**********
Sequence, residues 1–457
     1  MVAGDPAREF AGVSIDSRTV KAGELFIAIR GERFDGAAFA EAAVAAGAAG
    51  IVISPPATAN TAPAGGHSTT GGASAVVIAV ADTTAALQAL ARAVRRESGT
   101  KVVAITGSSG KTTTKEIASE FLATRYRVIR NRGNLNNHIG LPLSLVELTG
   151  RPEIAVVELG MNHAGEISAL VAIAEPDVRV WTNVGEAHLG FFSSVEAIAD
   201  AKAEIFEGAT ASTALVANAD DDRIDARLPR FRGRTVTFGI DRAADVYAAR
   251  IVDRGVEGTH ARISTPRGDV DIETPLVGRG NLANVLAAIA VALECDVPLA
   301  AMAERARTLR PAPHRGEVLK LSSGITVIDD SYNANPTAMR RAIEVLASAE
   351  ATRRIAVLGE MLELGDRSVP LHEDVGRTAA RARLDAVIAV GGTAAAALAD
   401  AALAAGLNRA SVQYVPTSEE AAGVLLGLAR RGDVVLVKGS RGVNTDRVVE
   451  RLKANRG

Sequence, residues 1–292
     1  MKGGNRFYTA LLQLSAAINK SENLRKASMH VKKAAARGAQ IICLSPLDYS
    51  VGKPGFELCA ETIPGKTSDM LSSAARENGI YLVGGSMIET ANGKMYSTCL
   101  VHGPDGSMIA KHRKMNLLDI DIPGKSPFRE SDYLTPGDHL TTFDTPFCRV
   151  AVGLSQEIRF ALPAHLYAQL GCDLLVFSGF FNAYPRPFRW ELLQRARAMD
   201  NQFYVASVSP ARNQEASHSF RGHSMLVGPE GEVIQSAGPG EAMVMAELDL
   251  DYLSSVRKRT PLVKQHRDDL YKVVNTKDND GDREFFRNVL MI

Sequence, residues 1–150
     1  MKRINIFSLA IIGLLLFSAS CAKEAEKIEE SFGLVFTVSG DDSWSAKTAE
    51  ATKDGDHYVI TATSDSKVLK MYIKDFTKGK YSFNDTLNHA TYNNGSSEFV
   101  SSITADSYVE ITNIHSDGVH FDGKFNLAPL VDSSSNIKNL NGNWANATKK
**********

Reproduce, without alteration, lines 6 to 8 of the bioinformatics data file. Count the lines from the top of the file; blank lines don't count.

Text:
   201  AKAEIFEGAT ASTALVANAD DDRIDARLPR FRGRTVTFGI DRAADVYAAR
   251  IVDRGVEGTH ARISTPRGDV DIETPLVGRG NLANVLAAIA VALECDVPLA
   301  AMAERARTLR PAPHRGEVLK LSSGITVIDD SYNANPTAMR RAIEVLASAE